This 67‐year‐old white male patient with a medical history of diabetes mellitus type 2, hypertension, dyslipidemia, coronary artery disease, and congestive heart failure (EF 20%) presented to the hospital with decompensated heart failure. The patient had a cardiac catheterization that revealed triple‐vessel disease and an echocardiogram that revealed a patent foramen ovale (PFO). He underwent three vessel coronary artery bypass graft (CABG) surgery and closure of PFO as a part of treatment for his ischemic cardiomyopathy. His postoperative recovery was protracted and complicated by aspiration pneumonia. Given his weakness and slow recovery he was sent to inpatient rehabilitation where he stayed for a month. On his follow‐up visits it was noticed that he continued to have difficulty with ambulation and demonstrated tremors and bradykinesia that were new from his baseline functional status prior to surgery. The patient was readmitted to the hospital 4 months after his CABG with progressively worsening weakness and inability to ambulate. On examination patient had all the classic signs and symptoms of parkinsonism like cogwheel rigidity, shuffling gait, bradykinesia, tremors, and normal cognitive function. He had a normal CT brain. His basic lab work was unimpressive. Neurology was consulted who agreed with the diagnosis of Parkinsonism and started patient on treatment. The most probable cause was vascular parkinsonism caused by a complication of CABG surgery vs. idiopathic Parkinson's disease unmasked after the surgery.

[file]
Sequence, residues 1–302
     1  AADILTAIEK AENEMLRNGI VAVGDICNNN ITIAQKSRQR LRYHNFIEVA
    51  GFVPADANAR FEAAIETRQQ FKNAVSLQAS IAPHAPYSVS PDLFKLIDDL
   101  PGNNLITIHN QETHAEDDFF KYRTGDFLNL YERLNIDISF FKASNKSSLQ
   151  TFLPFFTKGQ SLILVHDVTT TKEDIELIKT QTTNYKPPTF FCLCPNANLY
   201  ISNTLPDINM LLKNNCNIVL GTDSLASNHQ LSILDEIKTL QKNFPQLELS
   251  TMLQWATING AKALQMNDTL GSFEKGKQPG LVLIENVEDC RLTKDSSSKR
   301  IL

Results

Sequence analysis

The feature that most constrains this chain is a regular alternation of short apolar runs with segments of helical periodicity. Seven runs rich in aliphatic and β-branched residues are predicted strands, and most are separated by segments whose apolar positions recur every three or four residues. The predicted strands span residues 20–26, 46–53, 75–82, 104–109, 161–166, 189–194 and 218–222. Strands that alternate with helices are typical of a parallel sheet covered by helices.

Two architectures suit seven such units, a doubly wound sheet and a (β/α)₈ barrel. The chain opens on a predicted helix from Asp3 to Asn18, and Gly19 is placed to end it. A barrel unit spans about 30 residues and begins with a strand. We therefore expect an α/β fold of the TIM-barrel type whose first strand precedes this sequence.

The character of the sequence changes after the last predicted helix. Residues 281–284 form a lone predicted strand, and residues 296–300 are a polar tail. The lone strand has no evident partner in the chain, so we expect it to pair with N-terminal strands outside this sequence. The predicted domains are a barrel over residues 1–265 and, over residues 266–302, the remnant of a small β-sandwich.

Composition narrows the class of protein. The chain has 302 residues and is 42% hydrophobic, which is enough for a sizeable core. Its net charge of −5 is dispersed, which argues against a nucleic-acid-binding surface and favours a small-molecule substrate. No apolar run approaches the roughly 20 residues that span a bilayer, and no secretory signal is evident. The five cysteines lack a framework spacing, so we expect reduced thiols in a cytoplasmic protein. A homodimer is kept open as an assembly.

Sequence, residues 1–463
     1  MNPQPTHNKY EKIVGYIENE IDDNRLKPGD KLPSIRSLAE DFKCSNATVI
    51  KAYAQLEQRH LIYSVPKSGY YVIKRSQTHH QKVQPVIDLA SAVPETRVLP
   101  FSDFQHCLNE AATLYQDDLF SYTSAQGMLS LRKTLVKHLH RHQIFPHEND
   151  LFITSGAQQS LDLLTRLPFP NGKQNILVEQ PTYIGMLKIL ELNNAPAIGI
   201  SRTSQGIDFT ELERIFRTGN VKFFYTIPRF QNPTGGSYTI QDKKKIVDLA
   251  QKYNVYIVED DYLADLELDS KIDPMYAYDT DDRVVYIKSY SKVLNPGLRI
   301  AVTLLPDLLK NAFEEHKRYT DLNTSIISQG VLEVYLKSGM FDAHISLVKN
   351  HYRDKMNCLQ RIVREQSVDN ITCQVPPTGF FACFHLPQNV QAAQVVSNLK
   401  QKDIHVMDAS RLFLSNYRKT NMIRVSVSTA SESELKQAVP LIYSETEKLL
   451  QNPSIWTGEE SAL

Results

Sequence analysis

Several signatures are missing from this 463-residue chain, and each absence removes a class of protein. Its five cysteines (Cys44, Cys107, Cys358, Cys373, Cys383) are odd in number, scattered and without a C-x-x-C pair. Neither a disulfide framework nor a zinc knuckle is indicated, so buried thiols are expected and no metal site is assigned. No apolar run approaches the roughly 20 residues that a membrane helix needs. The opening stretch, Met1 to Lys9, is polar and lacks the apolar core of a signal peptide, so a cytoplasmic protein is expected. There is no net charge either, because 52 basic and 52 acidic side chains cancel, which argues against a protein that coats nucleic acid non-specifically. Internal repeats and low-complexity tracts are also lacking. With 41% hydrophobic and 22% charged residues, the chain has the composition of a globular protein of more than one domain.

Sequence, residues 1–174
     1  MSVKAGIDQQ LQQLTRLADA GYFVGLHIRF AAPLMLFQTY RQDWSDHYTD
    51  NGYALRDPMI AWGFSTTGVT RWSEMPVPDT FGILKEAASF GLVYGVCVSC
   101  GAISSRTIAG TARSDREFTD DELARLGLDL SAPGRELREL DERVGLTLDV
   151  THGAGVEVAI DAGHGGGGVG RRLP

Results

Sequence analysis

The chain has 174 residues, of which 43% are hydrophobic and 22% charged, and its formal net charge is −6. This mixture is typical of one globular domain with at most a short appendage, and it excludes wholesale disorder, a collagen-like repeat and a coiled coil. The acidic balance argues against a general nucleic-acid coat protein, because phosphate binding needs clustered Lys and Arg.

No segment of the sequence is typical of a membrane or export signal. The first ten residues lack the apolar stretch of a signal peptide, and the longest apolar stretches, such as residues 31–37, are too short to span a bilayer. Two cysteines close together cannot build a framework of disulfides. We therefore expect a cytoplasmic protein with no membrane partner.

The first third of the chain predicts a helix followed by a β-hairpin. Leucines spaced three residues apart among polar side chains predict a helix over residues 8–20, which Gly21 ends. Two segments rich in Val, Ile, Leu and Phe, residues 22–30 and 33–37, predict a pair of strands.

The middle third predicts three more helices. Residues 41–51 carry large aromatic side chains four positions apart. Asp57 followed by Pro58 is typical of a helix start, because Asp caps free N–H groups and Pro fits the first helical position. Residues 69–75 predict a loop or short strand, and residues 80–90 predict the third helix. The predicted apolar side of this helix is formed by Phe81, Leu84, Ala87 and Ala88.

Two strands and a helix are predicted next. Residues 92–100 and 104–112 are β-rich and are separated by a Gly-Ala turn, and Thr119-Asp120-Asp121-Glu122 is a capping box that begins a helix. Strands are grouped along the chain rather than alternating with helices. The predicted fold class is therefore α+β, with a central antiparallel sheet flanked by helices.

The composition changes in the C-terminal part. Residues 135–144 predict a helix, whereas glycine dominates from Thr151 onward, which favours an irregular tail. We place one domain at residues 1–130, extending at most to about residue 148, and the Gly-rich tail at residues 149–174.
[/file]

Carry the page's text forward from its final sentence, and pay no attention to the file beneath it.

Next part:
Neurological complications are common post‐CABG surgery. While stroke is the most concerning complication other neuropsychiatric complications like depression, cognitive impairment and Parkinsonism also occur. Neurological complications can lead to increased length of stay, morbidity, readmissions and mortality in patients. As hospitalists it is essential to recognize the wide spectrum of neurological complications after a CABG surgery. Parkinsonism has been reported as a complication following open heart surgeries. It occurs from cerebrovascular ischemia. A delay in diagnosis can lead to debility and increased morbidity in these patients. Parkinson's disease patients who are hospitalized for any reason experience deterioration in their disease condition. Incorrect medications and infections have shown to worsen Parkinsonism in hospitalized patients. As hospitalists, early detection of this condition, initiation or continuation of the right medications and early discharge can best help these patients.
We present a rare case of parkinsonism presenting as a neurological complication after coronary artery bypass surgery to add to the literature.
To cite this abstract:Gundareddy V, Ravi G, Bollampally P, Ravi S, Thamtam V. Tremors After Coronary Artery Bypass Graft Surgery: A Case of Parkinsonism Following Heart Surgery. Abstract published at Hospital Medicine 2013, May 16-19, National Harbor, Md. Abstract 491. Journal of Hospital Medicine. 2013; 8 (suppl 2). https://www.shmabstracts.com/abstract/tremors-after-coronary-artery-bypass-graft-surgery-a-case-of-parkinsonism-following-heart-surgery/. Accessed April 5, 2020.